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On the precise analysis of C programs for FLT_EVAL_METHOD==2

There has been talk recently amongst my colleagues of Frama-C-wide support for compilation platforms that define FLT_EVAL_METHOD as 2. Remember that this compiler-set value, introduced in C99, means that all floating-point computations in the C program are made with long double precision, even if the type of the expressions they correspond to is float or double. This post is a reminder, to the attention of these colleagues and myself, of pitfalls to be anticipated in this endeavor.


We are talking of C programs like the one below.

#include <stdio.h>

int r1;

double ten = 10.0;

int main(int c, char **v)
{
  r1 = 0.1 == (1.0 / ten);
  printf("r1=%d\n", r1);
}

With a C99 compilation platform that defines FLT_EVAL_METHOD as 0, this program prints "r1=1", but with a compilation platform that sets FLT_EVAL_METHOD to 2, it prints “r1=0”.

Although we are discussing non-strictly-IEEE 754 compilers, we are assuming IEEE 754-like floating-point: we're not in 1980 any more. Also, we are assuming that long double has more precision than double, because the opposite situation would make any discussion specifically about FLT_EVAL_METHOD == 2 quite moot. In fact, we are precisely thinking of compilation platforms where float is IEEE 754 single-precision (now called binary32), double is IEEE 754 double-precision (binary64), and long double is the 8087 80-bit double-extended format.


Let us find ourselves a compiler with the right properties :

$ gcc -v
Using built-in specs.
Target: x86_64-linux-gnu
…
gcc version 4.4.3 (Ubuntu 4.4.3-4ubuntu5.1) 
$ gcc -mfpmath=387 -std=c99 t.c && ./a.out 
r1=0

Good! (it seems)

The test program sets r1 to 0 because the left-hand side 0.1 of the equality test is the double-precision constant 0.1, whereas the right-hand side is the double-extended precision result of the division of 1 by 10. The two differ because 0.1 cannot be represented exactly in binary floating-point, so the long double representation is closer to the mathematical value and thus different from the double representation. We can make sure this is the right explanation by changing the expression for r1 to 0.1L == (1.0 / ten), in which the division is typed as double but computed as long double, then promoted to long double in order to be compared to 0.1L, the long double representation of the mathematical constant 0.1. This change causes r1 to receive the value 1 with our test compiler, whereas the change would make r1 receive 0 if the program was compiled with a strict IEEE 754 C compiler.

Pitfall 1: Constant expressions

Let us test the augmented program below:

#include <stdio.h>

int r1, r2;

double ten = 10.0;

int main(int c, char **v)
{
  r1 = 0.1 == (1.0 / ten);
  r2 = 0.1 == (1.0 / 10.0);
  printf("r1=%d r2=%d\n", r1, r2);
}

In our first setback, the program prints “r1=0 r2=1”. The assignment to r2 has been compiled into a straight constant-to-register move, based on a constant evaluation algorithm that does not obey the same rules that execution does. If we are to write a precise static analyzer that corresponds to this GCC-4.4.3, this issue is going to seriously complicate our task. We will have to delineate a notion of “constant expressions” that the analyzer with evaluate with the same rules as GCC's rules for evaluating constant expressions, and then implement GCC's semantics for run-time evaluation of floating-point expressions for non-constant expressions. And our notion of “constant expression” will have to exactly match GCC's notion of “constant expression”, lest our analyzer be unsound.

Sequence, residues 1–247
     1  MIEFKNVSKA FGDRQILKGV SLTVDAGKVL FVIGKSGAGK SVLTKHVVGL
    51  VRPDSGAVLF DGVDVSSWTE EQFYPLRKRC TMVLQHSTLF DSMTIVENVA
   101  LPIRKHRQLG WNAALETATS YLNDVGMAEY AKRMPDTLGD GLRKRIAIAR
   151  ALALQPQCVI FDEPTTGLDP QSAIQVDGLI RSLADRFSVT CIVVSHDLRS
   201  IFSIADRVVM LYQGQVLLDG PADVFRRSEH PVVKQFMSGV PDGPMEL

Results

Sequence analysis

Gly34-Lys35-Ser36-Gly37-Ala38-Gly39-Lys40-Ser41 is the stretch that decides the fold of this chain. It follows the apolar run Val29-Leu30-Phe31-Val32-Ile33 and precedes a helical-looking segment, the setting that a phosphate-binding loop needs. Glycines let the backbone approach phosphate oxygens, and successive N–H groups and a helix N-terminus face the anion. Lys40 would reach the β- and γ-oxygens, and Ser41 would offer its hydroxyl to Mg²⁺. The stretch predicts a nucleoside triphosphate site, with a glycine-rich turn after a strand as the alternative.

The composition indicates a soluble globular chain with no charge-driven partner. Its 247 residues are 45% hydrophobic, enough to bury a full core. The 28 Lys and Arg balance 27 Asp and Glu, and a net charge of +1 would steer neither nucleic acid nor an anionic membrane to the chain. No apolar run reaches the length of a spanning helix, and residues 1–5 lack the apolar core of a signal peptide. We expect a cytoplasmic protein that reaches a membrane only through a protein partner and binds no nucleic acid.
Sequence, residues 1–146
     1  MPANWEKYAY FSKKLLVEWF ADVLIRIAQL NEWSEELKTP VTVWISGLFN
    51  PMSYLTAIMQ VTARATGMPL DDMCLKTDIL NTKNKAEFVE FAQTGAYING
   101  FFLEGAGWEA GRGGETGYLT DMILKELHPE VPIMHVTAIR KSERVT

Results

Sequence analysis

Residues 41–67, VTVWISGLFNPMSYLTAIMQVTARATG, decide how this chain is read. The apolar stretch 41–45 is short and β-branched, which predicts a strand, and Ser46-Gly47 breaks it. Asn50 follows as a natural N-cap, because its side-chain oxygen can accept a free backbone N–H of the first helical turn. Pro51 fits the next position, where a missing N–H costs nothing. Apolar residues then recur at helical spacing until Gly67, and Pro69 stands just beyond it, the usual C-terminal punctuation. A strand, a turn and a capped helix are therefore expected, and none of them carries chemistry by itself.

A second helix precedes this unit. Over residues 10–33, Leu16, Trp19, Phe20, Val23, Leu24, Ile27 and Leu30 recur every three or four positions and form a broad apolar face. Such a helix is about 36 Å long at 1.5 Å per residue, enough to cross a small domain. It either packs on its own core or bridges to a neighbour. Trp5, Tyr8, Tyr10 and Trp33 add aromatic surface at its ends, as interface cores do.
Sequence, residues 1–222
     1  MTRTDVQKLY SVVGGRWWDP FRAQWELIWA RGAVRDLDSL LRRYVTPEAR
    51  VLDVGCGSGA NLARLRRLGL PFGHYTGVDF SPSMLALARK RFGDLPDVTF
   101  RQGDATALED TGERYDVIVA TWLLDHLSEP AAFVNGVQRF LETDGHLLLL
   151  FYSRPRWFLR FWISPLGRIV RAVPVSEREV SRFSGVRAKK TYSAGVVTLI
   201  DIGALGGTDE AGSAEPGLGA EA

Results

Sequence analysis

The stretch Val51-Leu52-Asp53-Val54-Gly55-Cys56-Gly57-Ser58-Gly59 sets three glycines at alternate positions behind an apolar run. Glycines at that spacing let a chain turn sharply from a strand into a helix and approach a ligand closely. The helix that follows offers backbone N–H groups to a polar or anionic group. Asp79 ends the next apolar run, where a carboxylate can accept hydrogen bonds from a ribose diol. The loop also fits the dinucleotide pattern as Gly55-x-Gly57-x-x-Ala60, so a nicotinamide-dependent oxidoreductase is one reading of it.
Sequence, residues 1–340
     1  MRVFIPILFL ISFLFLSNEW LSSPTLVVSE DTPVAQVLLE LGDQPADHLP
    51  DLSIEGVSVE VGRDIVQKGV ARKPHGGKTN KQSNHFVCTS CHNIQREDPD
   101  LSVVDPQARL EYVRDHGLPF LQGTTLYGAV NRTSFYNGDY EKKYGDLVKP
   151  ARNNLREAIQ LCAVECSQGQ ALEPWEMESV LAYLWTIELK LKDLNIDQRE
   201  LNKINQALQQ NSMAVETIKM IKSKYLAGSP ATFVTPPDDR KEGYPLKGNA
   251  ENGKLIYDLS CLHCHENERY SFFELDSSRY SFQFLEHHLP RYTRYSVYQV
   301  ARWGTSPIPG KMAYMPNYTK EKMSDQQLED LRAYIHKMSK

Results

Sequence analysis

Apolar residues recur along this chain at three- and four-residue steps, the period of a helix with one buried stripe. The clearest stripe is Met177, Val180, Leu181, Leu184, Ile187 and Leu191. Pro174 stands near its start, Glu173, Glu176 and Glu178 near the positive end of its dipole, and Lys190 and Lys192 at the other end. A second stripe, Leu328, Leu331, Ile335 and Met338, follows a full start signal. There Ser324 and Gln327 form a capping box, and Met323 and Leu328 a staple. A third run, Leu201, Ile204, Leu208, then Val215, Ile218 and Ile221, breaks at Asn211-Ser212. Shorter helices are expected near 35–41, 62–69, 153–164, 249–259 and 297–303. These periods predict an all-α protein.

Clarification: What is a “precise” static analyzer?

This is as good a time as any to point out that Frama-C's value analysis plug-in, for instance, is already able to analyze programs destined to be compiled with FLT_EVAL_METHOD as 2. By default, the value analysis plug-in assumes IEEE 754 and FLT_EVAL_METHOD == 0:

$ frama-c -val t.c
…
t.c:9:[kernel] warning: Floating-point constant 0.1 is not represented exactly.
 Will use 0x1.999999999999ap-4.
 See documentation for option -warn-decimal-float
…
[value] Values at end of function main:
          r1 ∈ {1}
          r2 ∈ {1}


The possibility of FLT_EVAL_METHOD being set to 2 is captured by the option -all-rounding-modes:

$ frama-c -val -all-rounding-modes t.c
…
t.c:9:[kernel] warning: Floating-point constant 0.1 is not represented exactly.
 Will use 0x1.999999999999ap-4.
 See documentation for option -warn-decimal-float
…
[value] Values at end of function main:
          r1 ∈ {0; 1}
          r2 ∈ {0; 1}

The sets of values predicted for variables r1 and r2 at the end of main() each contain the value given by the program as compiled by GCC-4.4.3, but these sets are not precise. If the program then went on to divide r1 by r2, Frama-C's value analysis would warn about a possible division by zero, whereas we know that with our compiler, the division is safe. The warning would be a false positive.

We are talking here about making a static analyzer with the ability to conclude that r1 is 0 and r2 is 1 because we told it that we are targeting a compiler that makes it so.


The above example command-lines are for Frama-C's value analysis, but during her PhD, Thi Minh Tuyen Nguyen has shown that the same kind of approach could be applied to source-level Hoare-style verification of floating-point C programs. The relevant articles can be found in the results of the Hisseo project.

To be continued

In the next post, we will find more pitfalls, revisit a post by Joseph S. Myers in the GCC mailing list, and conclude that implementing a precise static analyzer for this sort of compilation platform is a lot of work.